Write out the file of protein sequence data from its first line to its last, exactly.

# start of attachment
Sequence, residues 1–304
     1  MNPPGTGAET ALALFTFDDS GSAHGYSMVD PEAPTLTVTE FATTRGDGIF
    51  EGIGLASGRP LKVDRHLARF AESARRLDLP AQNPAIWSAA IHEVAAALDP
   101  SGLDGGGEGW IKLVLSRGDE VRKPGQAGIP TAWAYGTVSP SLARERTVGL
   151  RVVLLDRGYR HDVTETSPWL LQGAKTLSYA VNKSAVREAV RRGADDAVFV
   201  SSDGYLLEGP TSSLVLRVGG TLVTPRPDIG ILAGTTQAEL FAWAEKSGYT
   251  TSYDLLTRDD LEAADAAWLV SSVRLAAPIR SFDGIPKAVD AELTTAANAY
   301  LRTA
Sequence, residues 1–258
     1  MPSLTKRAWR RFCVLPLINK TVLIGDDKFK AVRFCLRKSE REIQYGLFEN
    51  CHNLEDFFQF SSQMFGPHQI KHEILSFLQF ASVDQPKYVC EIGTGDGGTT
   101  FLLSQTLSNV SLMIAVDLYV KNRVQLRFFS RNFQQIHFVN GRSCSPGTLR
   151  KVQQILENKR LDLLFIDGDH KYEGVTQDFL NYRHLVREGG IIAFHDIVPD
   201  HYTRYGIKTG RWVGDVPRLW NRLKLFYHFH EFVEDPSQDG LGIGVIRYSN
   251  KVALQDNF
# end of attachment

Sequence, residues 1–304
     1  MNPPGTGAET ALALFTFDDS GSAHGYSMVD PEAPTLTVTE FATTRGDGIF
    51  EGIGLASGRP LKVDRHLARF AESARRLDLP AQNPAIWSAA IHEVAAALDP
   101  SGLDGGGEGW IKLVLSRGDE VRKPGQAGIP TAWAYGTVSP SLARERTVGL
   151  RVVLLDRGYR HDVTETSPWL LQGAKTLSYA VNKSAVREAV RRGADDAVFV
   201  SSDGYLLEGP TSSLVLRVGG TLVTPRPDIG ILAGTTQAEL FAWAEKSGYT
   251  TSYDLLTRDD LEAADAAWLV SSVRLAAPIR SFDGIPKAVD AELTTAANAY
   301  LRTA
Sequence, residues 1–258
     1  MPSLTKRAWR RFCVLPLINK TVLIGDDKFK AVRFCLRKSE REIQYGLFEN
    51  CHNLEDFFQF SSQMFGPHQI KHEILSFLQF ASVDQPKYVC EIGTGDGGTT
   101  FLLSQTLSNV SLMIAVDLYV KNRVQLRFFS RNFQQIHFVN GRSCSPGTLR
   151  KVQQILENKR LDLLFIDGDH KYEGVTQDFL NYRHLVREGG IIAFHDIVPD
   201  HYTRYGIKTG RWVGDVPRLW NRLKLFYHFH EFVEDPSQDG LGIGVIRYSN
   251  KVALQDNF